Thursday, October 31, 2013

Trowar Report: 25 October 2013

We did another gig at the same venue (Pete's Bar & Grill) in the same town (Carnation, Washington) for the same reason (to get our chops up) on Oct. 25th.  We were the first of two bands to play.  The second band did not know until they arrived and saw our gear on stage we were playing first.  If they were pissed, they did a great job of concealing it.  Although I didn't interact with them too much personally (I was able to catch a ride home pretty early - don't really like hanging out after shows), they seemed like a real nice bunch of guys.  This was a pretty good sized crowd and they were primed to celebrate on this, the last weekend before Halloween.

I'm proud to say this was our strongest gig to date.  Vocals were the main priority for this gig, esp. Fred's lead vocals.  He did great.  He was plenty loud enough and he stayed on the mic.  Anytime there were any rough patches, he was back at it - he didn't let the less-than-stellar moments stop him from persisting on his singing efforts.  And to be honest, I don't remember any less-than-stellar vocal moments.  We were able to overcome the awful acoustics in that bar and nail our harmonies.  This is thanks in large part to our vocal coach Emily, who had worked with Fred and I earlier in the day.
This is the view I wake up to.  Looks like a damn
Russell Chatham painting.  Awesome.
We provided an interesting contrast to the second band.  We were loud and play aggressively, doing only originals, dressing in street clothes.  They did covers in the rockabilly style, completely kitted up as pirates and zombies and whatnot for the Halloween crowd that had gathered.  I noticed more crowd involvement this time - I saw some head bobbing, clapping after the tunes and even a little hollering between songs.  Usually the praise is directed at us after we tear down our gear; it was nice to get some love while we were still on the stage.  There was a lot more dancing for the second band, but creating "danceable" music is not high on our list of priorities.  
Obligatory gear shot of the T-20 and the
Ampeg SVT-350.   Tone and volume have
been a struggle with me in this band.  I'm
hoping to address this soon.  I've got ideas.
As usual, it was not a perfect performance, but with each gig, the confidence, precision and wealth of improvised ideas popping up in the music get better.  Areas for improvement:  continue working on vocals (lead and harmony) and keep them high in the mix, and work on eye contact/interband communication during tunes. The rest is fine tuning what is already there.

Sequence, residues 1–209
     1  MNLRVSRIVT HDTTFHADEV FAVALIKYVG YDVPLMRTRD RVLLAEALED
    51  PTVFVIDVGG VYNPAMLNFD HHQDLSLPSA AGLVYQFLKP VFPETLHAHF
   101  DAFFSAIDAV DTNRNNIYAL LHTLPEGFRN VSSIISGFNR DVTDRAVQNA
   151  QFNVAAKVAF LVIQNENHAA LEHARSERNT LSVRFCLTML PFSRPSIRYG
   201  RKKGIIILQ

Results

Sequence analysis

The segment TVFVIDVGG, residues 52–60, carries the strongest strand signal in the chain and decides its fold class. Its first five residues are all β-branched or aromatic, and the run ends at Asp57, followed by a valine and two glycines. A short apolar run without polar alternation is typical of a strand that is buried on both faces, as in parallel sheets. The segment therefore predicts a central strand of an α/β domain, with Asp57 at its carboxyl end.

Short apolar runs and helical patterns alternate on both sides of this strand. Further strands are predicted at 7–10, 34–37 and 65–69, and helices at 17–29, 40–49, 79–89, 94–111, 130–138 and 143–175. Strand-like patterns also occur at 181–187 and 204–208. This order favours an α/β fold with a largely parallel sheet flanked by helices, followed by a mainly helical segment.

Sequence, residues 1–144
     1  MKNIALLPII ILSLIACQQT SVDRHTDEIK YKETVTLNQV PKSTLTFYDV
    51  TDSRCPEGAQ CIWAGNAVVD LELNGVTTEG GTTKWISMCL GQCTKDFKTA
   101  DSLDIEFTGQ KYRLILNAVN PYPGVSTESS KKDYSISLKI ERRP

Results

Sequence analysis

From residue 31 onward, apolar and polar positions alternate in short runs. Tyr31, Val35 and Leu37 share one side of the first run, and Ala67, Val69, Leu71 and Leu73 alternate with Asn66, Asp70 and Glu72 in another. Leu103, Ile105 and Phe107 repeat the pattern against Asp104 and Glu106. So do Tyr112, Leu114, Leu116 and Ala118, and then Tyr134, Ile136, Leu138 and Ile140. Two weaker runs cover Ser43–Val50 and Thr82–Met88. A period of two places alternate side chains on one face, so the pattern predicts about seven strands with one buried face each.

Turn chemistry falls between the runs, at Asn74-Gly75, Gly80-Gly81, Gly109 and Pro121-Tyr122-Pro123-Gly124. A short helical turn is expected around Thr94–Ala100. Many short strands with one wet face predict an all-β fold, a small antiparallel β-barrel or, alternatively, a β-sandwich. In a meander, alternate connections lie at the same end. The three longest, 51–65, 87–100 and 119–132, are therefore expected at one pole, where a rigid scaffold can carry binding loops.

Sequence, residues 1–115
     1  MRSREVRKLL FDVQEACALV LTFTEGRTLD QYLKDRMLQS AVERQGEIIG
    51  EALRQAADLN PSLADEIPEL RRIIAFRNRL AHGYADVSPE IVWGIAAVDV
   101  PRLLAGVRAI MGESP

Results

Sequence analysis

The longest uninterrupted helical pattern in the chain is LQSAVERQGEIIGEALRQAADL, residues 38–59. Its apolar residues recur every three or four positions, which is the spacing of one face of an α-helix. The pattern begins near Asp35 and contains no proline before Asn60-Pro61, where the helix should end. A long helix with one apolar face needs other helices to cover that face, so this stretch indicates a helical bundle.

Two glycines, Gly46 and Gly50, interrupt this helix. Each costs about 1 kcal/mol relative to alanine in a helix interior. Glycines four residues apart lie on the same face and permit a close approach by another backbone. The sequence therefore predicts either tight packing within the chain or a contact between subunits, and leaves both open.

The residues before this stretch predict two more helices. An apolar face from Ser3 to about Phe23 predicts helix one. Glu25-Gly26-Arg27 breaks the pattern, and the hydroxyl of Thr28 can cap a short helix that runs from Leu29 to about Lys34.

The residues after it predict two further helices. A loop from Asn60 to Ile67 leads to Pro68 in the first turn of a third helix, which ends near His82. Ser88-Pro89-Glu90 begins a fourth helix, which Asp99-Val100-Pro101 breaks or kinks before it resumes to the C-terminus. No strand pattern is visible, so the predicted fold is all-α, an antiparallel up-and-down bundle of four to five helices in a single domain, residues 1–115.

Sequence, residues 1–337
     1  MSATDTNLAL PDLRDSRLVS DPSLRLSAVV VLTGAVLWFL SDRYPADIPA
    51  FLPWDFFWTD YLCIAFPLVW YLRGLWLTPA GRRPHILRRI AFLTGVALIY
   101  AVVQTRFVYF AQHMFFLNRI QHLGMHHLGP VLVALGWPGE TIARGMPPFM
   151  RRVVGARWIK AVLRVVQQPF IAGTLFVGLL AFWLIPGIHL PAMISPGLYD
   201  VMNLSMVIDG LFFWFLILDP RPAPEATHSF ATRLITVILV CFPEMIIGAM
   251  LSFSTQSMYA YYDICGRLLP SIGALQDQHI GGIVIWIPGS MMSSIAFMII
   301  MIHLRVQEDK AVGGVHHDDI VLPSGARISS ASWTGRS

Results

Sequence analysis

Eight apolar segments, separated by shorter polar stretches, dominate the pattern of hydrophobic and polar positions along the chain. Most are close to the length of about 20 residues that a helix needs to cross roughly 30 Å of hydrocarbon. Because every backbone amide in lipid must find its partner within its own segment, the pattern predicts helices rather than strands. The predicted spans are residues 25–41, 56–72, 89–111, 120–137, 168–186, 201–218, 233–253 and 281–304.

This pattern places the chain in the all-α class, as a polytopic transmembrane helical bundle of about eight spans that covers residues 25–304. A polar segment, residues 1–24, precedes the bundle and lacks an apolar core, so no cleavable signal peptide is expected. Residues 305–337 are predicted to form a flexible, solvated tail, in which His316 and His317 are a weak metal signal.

Grafetti on the box truck we use to haul gear, courtesy of an
unknown artist.
Some notable differences in this trip (beside some difficulties on the travel home - sux when you arrive on the flight before your luggage's flight):  It was a short weekend.  As a band, we only had time to rehearse the day of the gig.  We ran the set as a band, took a break, and camp back and did a concentrated rehearsal with Emily focusing less on the song structures and more on the vocals.  In a way, I like this abbreviated schedule forced us to focus on problem areas to make sure they were ready by evening time.  It also didn't give us enough time to succumb to the pre-gig head games.  This was key.

Smart advertising on our part, you gotta admit.
That's the trip in a nutshell.  There's probably plenty I've forgotten to mention.  But I'll have some other Trowar news coming up soon.  I will update when the details are finalized!

Landing in Indianapolis


  1. What kind of issues are you having with tone and volume? Is the SVT not loud enough? We've been working with issues like that in Black Kaspar - generally, if your guitarists are using 100 watt heads you need at least 300 watts to keep up without destroying your tone. You may have to add a slave amp to your rig.

    1. Bill - that is exactly the issue. Even with everything "redlined" on the SVT, I can't be heard any too clearly. The amp is being pushed to it's limits and the tone is muddy and ill defined. The altered tuning (which is lower than standard tuning) probably doesn't help either since, I'm guessing, it takes even more power to push a lower frequency.

      One option I'm exploring is a direct input box. These can be used with an amp to fine tune the tone; but more importantly, you can bypass the amp all together and plug directly into the PA system. There's also the portability factor - I could throw it in a suitcase and take it anywhere and count on a relatively uniform sound (or maybe I'm niave on that count?) wherever the venue. We're planning on hitting several cities soon (Bloomington, Atlanta, Seattle, Los Angeles) so the portability might become a big selling point. But like I say, I need to look into it.